Preview: 2014 UCI Para-cycling Track World Championships

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Great Britain will field a tightly-focussed team of gold medal potential athletes for the 2014 UCI Para-cycling Track World Championships in Aguascalientes, Mexico from 10-13 April.

Head coach Jon Norfolk will lead a squad of seasoned campaigners and new faces at the first major international para-cycling track competition since London 2012.

"We've gone for a slightly smaller team selection-wise this year,” said Norfolk, who took on the role of para-cycling lead coach in June 2013. “I think as a programme we reflected on London performances and that transition from podium performances to gold medal performances as well.

"There's been quite a tight selection for world championships with a lot of athletes competitive and potentially in the position to be selected. So we've gone fairly narrow but of a high quality."

Multiple Paralympic and world champion Dame Sarah Storey makes her return to top-flight competition following the birth of her daughter Louisa in June 2013. Competing in the C5 class, Storey will ride the 500 metre time trial, pursuit, team sprint and scratch race.

Storey will be joined in the team sprint by Crystal Lane, who also rides the C5 500 metre time-trial, and Jody Cundy, who will also ride the C4 kilometre time-trial, pursuit and scratch race.

Jon-Allan Butterworth will look to retain his kilometre world title in the C5 class, and also take advantage of Aguascalientes’ high-altitude location to improve upon his kilometre world record set at the 2013 British Cycling National Track Championships in Manchester.

Silver medallist in the pursuit in London 2012, Shaun McKeown will ride the C3 kilometre time-trial and pursuit.

Two new tandem pairings will compete at world level for time in Mexico in the B category for blind and visually-impaired athletes, joining the established duo of Lora Turnham and Corrine Hall.

“In terms of tandem there's a few established riders and pairings in there,” said Norfolk. “Neil Fachie, who's been experienced in a few Paralympic Games up until now, riding with a new pilot Pete Mitchell.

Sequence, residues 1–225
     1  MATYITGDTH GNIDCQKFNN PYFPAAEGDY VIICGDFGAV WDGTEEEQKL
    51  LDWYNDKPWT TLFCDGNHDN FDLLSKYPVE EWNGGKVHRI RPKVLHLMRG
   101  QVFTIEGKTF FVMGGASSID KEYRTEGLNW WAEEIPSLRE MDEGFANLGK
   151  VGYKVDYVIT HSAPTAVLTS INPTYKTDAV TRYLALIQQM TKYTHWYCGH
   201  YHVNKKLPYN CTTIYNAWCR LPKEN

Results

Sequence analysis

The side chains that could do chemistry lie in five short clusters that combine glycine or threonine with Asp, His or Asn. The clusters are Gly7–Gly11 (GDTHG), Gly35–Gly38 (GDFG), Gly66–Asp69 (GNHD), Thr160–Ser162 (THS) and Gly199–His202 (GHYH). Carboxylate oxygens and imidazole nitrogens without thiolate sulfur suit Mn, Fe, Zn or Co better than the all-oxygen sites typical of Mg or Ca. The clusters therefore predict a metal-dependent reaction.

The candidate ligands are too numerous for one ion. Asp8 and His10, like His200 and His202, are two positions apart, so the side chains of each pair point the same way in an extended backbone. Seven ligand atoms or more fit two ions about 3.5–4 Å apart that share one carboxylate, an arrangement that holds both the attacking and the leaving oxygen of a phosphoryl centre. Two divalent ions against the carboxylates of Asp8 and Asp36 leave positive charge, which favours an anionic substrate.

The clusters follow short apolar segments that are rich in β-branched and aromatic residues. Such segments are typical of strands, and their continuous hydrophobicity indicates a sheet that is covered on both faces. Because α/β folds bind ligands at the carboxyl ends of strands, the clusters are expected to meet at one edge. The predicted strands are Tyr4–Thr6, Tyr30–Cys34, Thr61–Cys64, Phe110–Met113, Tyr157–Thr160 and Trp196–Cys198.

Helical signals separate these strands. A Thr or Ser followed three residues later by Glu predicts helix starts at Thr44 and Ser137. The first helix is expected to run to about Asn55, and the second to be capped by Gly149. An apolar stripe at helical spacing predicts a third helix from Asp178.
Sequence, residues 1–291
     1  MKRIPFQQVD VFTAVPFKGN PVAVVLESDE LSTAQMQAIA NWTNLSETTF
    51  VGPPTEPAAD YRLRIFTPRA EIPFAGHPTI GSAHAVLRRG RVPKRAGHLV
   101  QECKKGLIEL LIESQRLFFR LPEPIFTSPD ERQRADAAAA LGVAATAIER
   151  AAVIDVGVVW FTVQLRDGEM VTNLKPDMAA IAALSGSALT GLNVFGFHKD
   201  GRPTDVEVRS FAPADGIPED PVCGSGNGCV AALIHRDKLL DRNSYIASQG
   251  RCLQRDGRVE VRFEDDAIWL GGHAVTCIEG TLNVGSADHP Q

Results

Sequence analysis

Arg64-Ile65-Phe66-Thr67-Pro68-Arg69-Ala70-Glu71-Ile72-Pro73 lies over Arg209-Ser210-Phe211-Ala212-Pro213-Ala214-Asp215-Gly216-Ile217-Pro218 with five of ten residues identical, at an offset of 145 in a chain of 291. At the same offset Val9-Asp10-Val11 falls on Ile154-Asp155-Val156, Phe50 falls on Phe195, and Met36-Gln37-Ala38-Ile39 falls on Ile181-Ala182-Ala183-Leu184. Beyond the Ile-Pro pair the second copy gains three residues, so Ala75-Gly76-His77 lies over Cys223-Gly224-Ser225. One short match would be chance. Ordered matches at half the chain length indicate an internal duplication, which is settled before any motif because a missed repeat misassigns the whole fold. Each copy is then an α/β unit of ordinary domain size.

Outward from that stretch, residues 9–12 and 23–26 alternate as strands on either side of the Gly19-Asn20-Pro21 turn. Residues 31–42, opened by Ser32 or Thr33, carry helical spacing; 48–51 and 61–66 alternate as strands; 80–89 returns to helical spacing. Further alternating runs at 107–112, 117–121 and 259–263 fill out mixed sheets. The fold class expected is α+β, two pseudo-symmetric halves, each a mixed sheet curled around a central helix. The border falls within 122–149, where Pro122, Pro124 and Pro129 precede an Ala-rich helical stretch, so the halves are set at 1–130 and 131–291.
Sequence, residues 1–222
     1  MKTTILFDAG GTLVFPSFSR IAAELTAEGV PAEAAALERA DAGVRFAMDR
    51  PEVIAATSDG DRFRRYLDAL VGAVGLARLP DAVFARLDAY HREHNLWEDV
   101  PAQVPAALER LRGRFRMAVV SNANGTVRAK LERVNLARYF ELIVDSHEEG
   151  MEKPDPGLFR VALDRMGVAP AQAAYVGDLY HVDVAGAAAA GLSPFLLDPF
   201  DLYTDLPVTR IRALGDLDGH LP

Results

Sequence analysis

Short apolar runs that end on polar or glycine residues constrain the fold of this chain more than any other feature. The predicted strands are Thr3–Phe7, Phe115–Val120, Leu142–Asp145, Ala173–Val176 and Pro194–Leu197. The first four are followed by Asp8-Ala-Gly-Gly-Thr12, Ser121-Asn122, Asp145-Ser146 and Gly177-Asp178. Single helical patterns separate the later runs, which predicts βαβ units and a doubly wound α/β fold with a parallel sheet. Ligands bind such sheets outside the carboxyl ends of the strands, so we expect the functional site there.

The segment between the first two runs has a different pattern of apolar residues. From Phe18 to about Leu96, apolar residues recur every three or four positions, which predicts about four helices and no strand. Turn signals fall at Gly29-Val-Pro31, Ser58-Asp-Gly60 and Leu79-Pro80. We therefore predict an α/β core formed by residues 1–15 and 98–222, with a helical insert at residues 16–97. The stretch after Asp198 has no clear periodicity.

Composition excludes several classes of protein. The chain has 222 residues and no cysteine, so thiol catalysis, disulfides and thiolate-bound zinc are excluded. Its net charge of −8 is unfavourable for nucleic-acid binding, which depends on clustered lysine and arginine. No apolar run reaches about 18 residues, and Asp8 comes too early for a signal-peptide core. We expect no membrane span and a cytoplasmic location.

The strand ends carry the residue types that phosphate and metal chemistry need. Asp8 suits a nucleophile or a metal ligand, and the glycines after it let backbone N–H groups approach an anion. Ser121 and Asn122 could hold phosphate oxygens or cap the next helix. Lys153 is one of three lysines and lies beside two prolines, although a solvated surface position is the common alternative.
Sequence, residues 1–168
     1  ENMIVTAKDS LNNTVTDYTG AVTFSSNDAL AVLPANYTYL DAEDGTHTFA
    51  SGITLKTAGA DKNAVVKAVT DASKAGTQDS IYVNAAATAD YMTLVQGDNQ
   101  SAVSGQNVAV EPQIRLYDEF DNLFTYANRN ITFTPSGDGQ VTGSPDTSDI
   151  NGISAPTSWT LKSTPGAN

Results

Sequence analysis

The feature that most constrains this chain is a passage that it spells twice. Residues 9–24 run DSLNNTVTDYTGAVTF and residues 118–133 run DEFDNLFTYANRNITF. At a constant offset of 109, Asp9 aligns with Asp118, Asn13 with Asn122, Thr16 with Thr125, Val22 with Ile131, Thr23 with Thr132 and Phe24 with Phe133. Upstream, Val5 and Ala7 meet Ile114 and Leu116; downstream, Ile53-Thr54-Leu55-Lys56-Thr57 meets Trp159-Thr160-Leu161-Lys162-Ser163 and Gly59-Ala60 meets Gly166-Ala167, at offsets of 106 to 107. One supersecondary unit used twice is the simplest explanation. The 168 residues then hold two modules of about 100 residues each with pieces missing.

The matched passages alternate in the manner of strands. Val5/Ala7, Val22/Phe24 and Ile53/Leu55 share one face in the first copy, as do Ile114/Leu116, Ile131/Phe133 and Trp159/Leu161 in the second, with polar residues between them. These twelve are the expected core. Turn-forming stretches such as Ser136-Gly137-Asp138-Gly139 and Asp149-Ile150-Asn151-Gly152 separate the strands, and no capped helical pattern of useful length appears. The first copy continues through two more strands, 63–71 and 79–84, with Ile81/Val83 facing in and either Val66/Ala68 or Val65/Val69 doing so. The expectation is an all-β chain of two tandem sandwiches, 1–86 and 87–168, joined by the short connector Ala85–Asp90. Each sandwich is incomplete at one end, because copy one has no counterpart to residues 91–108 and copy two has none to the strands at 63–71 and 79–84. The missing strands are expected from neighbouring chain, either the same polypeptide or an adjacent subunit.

"On the women's tandem we've got Sophie Thornhill on the back and Rachel James on the front, which is a new pairing in terms of international Paralympic competition.”

Thornhill and James made their debut on the tandem at the Newport International Para-cycling Cup in 2013 and came within a few hundredths of a second of breaking the kilometre time-trial world record. Their performance was remarkable considering they had just five weeks experience together on the tandem.

Thornhill and James’ subsequent work on the track as cemented their partnership and given them opportunity to improve their track craft in the sprint.

Neil Fachie won gold in the kilometre time-trial at London 2012 with pilot Barney Storey and has also struck worlds gold with Craig Maclean. However, Aguascalientes will see Pete Mitchell pilot Fachie, competing in the sprint and kilometre events.

Mitchell sprung to prominence in 2007, winning the junior national title in the team sprint before achieving numerous podium finishes at national and European level in the sprint and team sprint. Mitchell joined the para-cycling squad as a sighted pilot in 2012.

The championships stand at the midway point between London and Rio in the Paralympic cycle and Norfolk is excited about consolidating performances in classes and events that Great Britain have historically dominated, while seeking new medals in other classes.

"It's a key marker for us,” said Norfolk “and also to see where the international competition is… how we push and challenge those seasoned campaigners in the categories we've been successful in before but also see where the potential gaps are in other categories as well.”

Taking over the management of a team that dominated in London could be seen as a recipe for complacency. However with Rio fast approaching and international competition heating up, Norfolk is focussed on ‘future-proofing’ his rapidly evolving squad.

“Development has its cyclical nature,” he said. “Some countries step up and perform at different events and at different levels so I think it's important that you still train like you're in second place.

"I think that regeneration of what you do, constantly assessing what you do, whether it's been successful or not is a key part of keeping ahead of the game.

"The Paralympic environment is one that does change very quickly with new faces and new performers so we've really got to future-proof ourselves and protect ourselves from countries moving and developing really quickly at higher levels.”

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